Home/How to Wrap Your Windows for Winter

How to Wrap Your Windows for Winter

Published On: November 14, 2016Categories: Building Maintenance, Furnace & Duct Cleaning, Home Maintenance

Wrap your windows to lower South Dakota heating costs

Sometimes, you take all the right steps to get your home toasty – hunting down drafts, locking doors and windows, and having your furnace and duct system inspected – but it still feels like you can’t keep the warmth inside.

Unless you’re sporting thick (read: expensive) windows, you’re probably losing a lot of heat right through the glass. Luckily, it’s easy to insulate your windows to lower heating costs South Dakota residents are all too familiar with.

Why You Should Wrap Your Windows

Basically, an insulating film that covers your window panes and trim edges saves you energy (and money).

Windows can account for up to 30% of your home’s heat loss, according to SF Gate.

Remember, cold is the absence of heat. The warm air will try to escape through your windows and out into the prairie winter, in an energy transfer your budget shouldn’t have to suffer for.

Luckily, wrapping your windows for winter is an easy way to lower heating costs in South Dakota.

How to Wrap Your Windows

Window insulation kits sold by companies like 3M are cost-effective and easy to install. To reduce the cost even more, you might try using bubble wrap – but you’ll be giving yourself a few more variables to deal with, and obstruct your glances at the winter wonderland outside.

Here’s how to wrap your windows for winter and lower South Dakota heating costs:

1. Measure

Measure out the height and width of your windows, plus about an inch of overlap on each side. Quality insulation film kits won’t peel away any paint or damage woodwork if you’ve installed it correctly.

Once you know how wide all the windows you want to wrap are, you’re ready to figure out what size kits you’ll need to get the job done. You’ll more than likely end up cutting larger sheets down to fit.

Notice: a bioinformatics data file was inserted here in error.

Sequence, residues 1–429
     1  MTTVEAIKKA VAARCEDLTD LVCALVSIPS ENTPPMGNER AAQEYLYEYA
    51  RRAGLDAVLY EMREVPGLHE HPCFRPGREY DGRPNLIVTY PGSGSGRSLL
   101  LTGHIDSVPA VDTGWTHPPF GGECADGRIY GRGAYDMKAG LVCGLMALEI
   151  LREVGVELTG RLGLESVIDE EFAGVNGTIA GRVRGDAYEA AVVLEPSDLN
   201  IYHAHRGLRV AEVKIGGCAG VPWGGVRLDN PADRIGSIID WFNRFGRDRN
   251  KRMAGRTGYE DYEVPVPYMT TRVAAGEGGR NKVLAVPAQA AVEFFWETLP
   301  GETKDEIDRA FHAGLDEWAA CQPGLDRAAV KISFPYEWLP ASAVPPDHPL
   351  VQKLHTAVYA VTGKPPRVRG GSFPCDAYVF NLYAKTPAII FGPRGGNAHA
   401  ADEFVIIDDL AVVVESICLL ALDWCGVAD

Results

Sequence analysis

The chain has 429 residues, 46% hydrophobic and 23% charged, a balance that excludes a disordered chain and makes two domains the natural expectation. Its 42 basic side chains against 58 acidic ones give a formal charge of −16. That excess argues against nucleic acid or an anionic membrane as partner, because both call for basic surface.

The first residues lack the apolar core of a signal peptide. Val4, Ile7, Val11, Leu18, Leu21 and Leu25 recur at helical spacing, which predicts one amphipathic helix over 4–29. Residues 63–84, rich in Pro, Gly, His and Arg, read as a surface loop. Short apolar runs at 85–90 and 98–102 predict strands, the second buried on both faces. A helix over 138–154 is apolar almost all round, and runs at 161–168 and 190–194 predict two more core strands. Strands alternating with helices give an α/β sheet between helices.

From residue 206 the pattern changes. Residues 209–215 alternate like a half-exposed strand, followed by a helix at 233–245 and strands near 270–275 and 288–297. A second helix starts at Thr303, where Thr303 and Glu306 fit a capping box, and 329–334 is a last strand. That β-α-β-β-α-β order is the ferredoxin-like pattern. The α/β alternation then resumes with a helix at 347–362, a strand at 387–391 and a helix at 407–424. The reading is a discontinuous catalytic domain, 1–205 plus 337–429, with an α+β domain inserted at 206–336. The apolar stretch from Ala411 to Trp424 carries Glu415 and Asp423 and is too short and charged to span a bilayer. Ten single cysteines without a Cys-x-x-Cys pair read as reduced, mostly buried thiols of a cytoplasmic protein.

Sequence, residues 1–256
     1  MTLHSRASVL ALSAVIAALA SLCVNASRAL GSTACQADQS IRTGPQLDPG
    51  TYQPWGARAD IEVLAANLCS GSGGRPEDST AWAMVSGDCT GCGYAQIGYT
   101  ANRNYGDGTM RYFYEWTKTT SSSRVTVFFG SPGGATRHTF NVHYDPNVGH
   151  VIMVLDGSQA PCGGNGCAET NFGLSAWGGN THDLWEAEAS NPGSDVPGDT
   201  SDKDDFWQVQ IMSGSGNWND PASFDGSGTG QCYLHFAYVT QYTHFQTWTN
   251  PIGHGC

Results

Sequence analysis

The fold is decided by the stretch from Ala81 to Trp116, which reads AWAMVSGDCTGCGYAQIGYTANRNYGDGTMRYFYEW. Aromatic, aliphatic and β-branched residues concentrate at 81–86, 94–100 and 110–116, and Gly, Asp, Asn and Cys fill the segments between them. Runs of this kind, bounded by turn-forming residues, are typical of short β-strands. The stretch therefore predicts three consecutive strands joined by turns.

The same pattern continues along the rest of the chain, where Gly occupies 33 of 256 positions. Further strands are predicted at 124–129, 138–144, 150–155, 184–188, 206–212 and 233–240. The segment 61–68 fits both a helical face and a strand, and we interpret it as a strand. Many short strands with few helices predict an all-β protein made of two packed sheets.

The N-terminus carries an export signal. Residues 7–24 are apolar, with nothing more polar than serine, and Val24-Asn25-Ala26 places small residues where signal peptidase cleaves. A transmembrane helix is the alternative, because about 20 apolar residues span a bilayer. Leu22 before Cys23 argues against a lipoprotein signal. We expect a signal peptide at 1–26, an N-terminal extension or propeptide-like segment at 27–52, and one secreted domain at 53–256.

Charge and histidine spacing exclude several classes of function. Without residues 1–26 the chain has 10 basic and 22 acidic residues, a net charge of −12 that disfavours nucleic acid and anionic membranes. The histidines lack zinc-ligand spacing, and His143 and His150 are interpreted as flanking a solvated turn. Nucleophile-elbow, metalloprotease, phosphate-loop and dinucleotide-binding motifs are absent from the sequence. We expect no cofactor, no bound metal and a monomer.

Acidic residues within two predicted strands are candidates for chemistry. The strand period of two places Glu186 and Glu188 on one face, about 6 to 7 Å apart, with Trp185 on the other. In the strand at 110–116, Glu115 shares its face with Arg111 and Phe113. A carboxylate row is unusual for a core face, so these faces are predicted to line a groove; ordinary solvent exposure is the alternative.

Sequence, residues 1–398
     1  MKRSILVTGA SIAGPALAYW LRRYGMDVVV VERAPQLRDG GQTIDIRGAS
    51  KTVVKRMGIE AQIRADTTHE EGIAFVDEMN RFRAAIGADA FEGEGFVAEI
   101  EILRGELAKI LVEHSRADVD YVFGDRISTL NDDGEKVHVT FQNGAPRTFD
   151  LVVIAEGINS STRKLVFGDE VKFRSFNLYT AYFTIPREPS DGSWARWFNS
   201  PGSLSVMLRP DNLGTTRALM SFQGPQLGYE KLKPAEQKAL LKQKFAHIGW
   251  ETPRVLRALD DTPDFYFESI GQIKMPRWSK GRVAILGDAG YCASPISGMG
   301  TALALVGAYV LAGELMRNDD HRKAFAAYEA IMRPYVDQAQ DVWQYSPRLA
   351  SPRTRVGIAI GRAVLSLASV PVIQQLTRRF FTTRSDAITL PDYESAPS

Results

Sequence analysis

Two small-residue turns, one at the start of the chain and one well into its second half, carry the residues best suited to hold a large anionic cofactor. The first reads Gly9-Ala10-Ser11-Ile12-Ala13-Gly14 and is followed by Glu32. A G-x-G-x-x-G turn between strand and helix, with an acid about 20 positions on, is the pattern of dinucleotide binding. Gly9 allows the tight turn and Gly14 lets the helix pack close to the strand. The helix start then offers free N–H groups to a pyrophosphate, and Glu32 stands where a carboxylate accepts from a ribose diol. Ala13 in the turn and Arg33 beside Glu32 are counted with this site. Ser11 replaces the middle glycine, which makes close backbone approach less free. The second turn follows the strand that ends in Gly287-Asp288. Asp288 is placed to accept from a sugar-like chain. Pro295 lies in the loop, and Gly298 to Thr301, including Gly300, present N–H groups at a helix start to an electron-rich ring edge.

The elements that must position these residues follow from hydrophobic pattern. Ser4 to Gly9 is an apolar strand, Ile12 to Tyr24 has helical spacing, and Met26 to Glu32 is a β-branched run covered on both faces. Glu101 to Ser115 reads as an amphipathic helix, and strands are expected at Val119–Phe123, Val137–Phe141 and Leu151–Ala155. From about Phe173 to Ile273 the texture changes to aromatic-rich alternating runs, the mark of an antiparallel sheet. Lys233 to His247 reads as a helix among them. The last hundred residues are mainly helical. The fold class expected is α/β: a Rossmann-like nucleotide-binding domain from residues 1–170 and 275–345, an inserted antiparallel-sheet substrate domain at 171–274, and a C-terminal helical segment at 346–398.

2. Clean

Run over the molding with soapy water (and make sure you give it time to dry) so that the film will adhere throughout the winter months. And you might as well clean the glass while you’re at it.

3. Cut

Unroll the plastic wrapping and grab your scissors. Refer back to your measurements, and make sure you’re allowing that extra inch.

4. Tape

Your tape should run along the outside edge of the trim or molding, and you’ll want to press it tight to make sure everything sticks. Once it’s in place, remove the lining.

Now you can stretch your plastic film over the window and press it to the tape. Don’t be afraid to pull it back off the tape and give it an extra stretch to smooth out wrinkles.

5. Blow-dry

Pass a hair dryer on low heat over the film to remove any remaining wrinkles, taking care not to touch the blow-dryer to the plastic. Once you’ve sealed the wrapping, you can trim excess plastic from the edges.

When to Insulate Windows

You’ll want to do this before temperatures are too low. A common recommendation is that you want the insulation in place before we hit 0° F, but you can certainly get wrappings installed well ahead of that.

As long as you’ve followed the steps, your coverings should stay in place all the way through winter. Depending on the quality you should even be able to clean the wrappings with a soft cloth – just be careful not to press right through.

Where Else You Can Lower Heating Costs

If you’re serious about lowering heating costs South Dakota homes are subject to every winter, check out this blog post with 7 other tips for combating heat loss.

It also can’t hurt to have Intek out to conduct a free inspection of your duct and furnace system. We’ll run a camera right into your ducts to show you how dirty things are, and talk about options for upping efficiency from there.